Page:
Great question! This can actually be done, but it's relatively tricky.
Tumblr has made it very clear that they don't want you to do this. They have silently broken CloudFlare integration a while back, where everyone who did this reverse proxy stuff with CloudFlare has basically gotten booted off of their custom domain name without any warning. (Keep in mind that many people were using CloudFlare in the first place, because Tumblr was often giving out blank pages, or refusing connections, so, CloudFlare integration was actually beneficial for reliability and user satisfaction.)
As an early Custom Domain adopter myself, preceding their
126.96.36.199 allocation and rollout, I've had this booting-off happen to me, too, earlier this summer 2013, where they've disabled my custom domain name (still pointed directly to their own servers as per their own instructions) with a very short and inadequate notice. I still haven't recovered my Google Index. I've decided that I won't be tricked like that anymore.
Custom domain name route
If you still want to do this, you'd have to run your own DNS server, in a DNS split-horizon mode, to provide different DNS replies to tumblr.com and non-tumblr.com networks. Doing a split horizon on
188.8.131.52/20 works so far, but, of course, there's no guarantee it'll continue working (however, this part is probably the least likely one to break).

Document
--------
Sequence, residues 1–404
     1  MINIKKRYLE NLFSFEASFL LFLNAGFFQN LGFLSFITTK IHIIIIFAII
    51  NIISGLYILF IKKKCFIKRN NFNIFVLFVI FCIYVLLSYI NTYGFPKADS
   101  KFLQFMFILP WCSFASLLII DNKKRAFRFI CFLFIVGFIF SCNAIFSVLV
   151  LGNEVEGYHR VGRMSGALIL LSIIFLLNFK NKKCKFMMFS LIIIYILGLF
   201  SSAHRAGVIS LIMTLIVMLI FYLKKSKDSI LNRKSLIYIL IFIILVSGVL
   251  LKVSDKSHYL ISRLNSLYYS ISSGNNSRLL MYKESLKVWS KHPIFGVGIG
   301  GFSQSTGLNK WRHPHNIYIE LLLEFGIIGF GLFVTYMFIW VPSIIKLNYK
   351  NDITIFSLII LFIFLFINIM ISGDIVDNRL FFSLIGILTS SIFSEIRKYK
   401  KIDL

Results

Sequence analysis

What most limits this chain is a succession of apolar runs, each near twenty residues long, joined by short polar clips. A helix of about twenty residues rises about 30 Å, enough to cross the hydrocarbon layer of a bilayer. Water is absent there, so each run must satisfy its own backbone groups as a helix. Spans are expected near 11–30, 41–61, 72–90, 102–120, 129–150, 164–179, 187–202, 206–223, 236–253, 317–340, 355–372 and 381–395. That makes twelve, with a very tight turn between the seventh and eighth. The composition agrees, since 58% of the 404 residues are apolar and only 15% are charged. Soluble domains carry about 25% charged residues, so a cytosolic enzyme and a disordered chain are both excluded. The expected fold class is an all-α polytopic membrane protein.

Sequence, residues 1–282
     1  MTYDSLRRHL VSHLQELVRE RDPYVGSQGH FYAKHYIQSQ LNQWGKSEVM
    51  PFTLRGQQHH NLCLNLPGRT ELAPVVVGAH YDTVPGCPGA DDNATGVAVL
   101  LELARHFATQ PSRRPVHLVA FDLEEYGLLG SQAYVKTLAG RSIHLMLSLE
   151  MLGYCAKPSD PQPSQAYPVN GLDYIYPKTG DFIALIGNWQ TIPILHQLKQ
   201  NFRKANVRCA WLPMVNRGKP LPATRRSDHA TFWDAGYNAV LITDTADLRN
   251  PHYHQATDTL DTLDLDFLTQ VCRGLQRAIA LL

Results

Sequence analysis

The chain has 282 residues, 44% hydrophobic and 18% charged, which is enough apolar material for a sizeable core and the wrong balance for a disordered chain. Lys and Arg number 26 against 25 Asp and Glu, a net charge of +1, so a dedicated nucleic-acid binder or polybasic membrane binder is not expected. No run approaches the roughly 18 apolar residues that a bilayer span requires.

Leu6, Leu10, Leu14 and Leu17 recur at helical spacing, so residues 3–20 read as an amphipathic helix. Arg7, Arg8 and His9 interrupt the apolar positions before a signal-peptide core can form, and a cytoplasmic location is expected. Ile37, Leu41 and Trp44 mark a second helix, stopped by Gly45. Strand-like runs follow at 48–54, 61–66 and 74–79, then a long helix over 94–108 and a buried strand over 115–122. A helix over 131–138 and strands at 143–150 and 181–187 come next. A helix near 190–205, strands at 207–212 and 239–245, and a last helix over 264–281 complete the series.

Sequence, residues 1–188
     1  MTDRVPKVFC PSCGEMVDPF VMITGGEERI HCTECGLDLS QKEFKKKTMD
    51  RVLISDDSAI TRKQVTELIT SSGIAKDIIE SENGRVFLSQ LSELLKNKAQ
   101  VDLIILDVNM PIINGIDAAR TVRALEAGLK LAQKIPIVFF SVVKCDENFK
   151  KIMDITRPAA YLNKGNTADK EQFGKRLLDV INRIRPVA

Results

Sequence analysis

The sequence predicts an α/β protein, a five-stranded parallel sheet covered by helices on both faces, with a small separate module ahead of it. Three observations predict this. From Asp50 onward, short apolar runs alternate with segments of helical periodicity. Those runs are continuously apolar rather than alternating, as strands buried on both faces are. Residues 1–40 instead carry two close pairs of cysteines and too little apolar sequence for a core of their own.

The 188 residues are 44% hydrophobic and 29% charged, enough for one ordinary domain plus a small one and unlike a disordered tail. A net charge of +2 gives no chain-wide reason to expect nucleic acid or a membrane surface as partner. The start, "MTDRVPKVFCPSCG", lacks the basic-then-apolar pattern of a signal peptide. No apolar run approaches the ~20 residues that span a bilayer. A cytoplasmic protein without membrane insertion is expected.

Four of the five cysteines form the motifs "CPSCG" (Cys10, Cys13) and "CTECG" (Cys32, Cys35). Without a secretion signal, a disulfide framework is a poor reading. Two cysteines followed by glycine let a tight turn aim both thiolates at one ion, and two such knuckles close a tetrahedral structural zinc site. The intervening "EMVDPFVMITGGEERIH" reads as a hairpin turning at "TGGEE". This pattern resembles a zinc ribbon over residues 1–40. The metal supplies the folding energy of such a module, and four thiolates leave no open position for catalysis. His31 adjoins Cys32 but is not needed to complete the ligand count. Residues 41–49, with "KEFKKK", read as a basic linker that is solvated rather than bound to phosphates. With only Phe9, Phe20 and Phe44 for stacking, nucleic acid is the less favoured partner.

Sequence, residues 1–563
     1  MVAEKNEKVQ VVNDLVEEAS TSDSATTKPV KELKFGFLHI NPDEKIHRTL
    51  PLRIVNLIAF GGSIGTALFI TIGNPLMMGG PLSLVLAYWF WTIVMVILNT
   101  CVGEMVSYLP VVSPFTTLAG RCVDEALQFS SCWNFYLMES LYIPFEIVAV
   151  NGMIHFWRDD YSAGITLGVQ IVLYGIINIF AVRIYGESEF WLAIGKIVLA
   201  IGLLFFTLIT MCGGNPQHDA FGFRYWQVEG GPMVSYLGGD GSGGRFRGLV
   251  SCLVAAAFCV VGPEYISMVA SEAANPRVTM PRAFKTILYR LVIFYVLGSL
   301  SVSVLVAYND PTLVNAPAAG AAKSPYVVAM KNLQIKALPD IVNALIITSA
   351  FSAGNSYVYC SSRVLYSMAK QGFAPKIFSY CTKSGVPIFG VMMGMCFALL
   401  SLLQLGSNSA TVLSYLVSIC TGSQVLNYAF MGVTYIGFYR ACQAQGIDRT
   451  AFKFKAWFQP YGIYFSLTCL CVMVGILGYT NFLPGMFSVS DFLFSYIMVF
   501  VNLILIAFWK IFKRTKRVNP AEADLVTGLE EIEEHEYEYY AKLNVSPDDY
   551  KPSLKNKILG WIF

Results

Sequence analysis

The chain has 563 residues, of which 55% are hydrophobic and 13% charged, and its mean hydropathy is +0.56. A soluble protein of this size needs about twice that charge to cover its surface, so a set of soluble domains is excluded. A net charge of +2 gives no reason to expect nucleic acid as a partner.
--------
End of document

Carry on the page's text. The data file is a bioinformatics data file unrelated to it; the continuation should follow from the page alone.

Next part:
Further, probably do as what you're already doing.
I did this, and it works, although it does feel somewhat fragile, but there's no better way to do it.
Note that if you simply try to publish several
A records at once, or try to publish the
184.108.40.206 only temporarily to have a custom domain name accepted in their interface, then it'll end up broken just as you describe, within a day or two afterwards, because tumblr keeps re-checking the records, and automatically disables the custom domain name feature, if it doesn't see the stuff it wants to see.
If you do caching, there are also other issues to consider (which would probably be a separate question, too).
Page hijacking route
To go the content hi-jacking mode, simply change:
proxy_set_header Host $http_host;
to something like:
proxy_set_header Host domain.tumblr.com;
Do not enable the
custom domain name option in the interface.
This way, you'll simply be creating a mirror of your tumblr.
I highly don't recommend this, because it's quite pointless, as any likes, favs and reblog backlinks you'd have on tumblr.com will point to your tumblr.com name (unless you find a way to trick the search engines), so, you are not very likely to gain any search positions for your mirror, unless doing some further tricks, or willing to take the chances. It'll also be confusing for your visitors, and for yourself, too.
Avoiding tumblr route
There are many alternatives to tumblr. I'm currently investigating switching to one of the Python or Ruby -based static blog generators like those based on Jekyll that work based on templates and generate static HTML. You could still enable disqus comments, and some claim to have certain tumblr integration for migration away from tumblr.
A whole other question, though. But if you do plan to migrate this way, it'll be useful to still use the split-horizon DNS and a custom domain in tumblr, such that all your backlinks would still point to your site. It's probably even possible to import your posts into tumblr, automatically export them to get their assigned URLs, and map those assigned URLs on your site to the actual entries in your then-native Python or Ruby blog, getting the backlinks from tumblr, without a requirement of having to use tumblr itself.